A. G.I. tract.
D. Ear drum.
The injury shown in the picture above represents the blast injury.
- It is a complex type of physical trauma resulting from direct or indirect exposure to an explosion.
- Categorized as primary to quaternary.
- Primary injuries
- They are caused by blast overpressure waves.
- The ears are most often affected by the overpressure, followed by the lungs and the hollow organs of the gastrointestinal tract.
- Pulmonary barotrauma, the most common fatal PBI, may include the following:
- Pulmonary contusion
- Systemic air embolism, which most commonly occlude blood vessels in the brain or spinal cord
- Free radical–associated injuries such as thrombosis, lipoxygenation, and DIC
ARDS may be a result of direct lung injury or of shock from other body injuries
- Acoustic barotrauma consists of the following:
- Tympanic membrane rupture (most common)
- Hemotympanum without perforation
- Ossicle fracture or dislocation may occur with very high-energy explosions.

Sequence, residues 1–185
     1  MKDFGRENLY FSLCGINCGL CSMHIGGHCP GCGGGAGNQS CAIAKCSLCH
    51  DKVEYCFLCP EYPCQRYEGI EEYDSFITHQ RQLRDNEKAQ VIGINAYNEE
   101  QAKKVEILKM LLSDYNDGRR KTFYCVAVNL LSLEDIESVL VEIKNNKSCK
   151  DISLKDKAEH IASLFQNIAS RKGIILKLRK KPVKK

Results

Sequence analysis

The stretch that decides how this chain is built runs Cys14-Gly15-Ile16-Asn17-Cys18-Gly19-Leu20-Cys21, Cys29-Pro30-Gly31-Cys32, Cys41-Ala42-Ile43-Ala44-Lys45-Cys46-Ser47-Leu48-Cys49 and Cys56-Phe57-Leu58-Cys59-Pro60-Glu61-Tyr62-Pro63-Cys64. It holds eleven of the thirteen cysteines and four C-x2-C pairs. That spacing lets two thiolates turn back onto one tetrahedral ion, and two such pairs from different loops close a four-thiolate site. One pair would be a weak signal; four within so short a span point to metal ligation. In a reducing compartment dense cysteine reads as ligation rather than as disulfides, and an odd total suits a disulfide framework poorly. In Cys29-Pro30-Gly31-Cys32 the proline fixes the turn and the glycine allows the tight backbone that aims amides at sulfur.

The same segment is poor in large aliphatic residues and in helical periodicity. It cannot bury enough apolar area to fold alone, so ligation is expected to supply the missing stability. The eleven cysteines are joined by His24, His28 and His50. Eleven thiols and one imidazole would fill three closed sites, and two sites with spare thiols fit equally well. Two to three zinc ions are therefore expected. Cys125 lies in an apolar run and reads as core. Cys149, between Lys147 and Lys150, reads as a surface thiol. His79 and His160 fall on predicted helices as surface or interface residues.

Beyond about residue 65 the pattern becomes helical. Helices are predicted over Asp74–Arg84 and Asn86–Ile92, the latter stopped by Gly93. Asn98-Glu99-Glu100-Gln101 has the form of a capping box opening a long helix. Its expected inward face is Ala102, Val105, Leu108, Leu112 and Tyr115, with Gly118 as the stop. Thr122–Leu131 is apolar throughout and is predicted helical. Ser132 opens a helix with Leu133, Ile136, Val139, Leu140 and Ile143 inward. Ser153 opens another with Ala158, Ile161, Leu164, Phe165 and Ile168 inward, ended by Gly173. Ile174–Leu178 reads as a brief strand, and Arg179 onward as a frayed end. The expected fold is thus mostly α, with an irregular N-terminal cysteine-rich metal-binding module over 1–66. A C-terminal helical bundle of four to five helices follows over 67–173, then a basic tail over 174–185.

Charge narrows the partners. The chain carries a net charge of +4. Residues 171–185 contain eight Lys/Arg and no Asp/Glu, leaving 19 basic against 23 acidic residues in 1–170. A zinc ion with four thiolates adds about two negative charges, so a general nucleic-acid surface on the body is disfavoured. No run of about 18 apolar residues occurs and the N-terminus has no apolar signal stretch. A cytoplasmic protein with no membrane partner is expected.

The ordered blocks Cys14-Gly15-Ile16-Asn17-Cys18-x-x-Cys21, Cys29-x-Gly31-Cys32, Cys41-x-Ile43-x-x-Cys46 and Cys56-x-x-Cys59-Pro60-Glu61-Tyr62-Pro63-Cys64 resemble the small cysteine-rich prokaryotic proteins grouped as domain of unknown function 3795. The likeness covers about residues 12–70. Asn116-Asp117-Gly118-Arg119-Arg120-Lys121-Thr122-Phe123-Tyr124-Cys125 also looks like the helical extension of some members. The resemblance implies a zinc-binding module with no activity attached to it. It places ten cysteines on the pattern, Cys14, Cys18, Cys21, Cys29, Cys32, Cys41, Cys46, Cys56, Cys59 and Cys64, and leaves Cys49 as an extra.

- GI tract:Perforation is common in stomach, small intestines & caecum
- Eyes:Conjuctival hemorrhage.
- Secondary injuries
- They are caused by fragmentation and other objects propelled by the explosion.
- These injuries may affect any part of the body and sometimes result in penetrating trauma with visible bleeding.
- Tertiary injuries
- Displacement of air by the explosion creates a blast wind that can throw victims against solid objects.
- They may present as some combination of blunt and penetrating trauma, including bone fractures and coup contre-coup injuries.
- Quaternary injuries
- They are all other injuries not included in the first three classes. These include flash burns, crush injuries, etc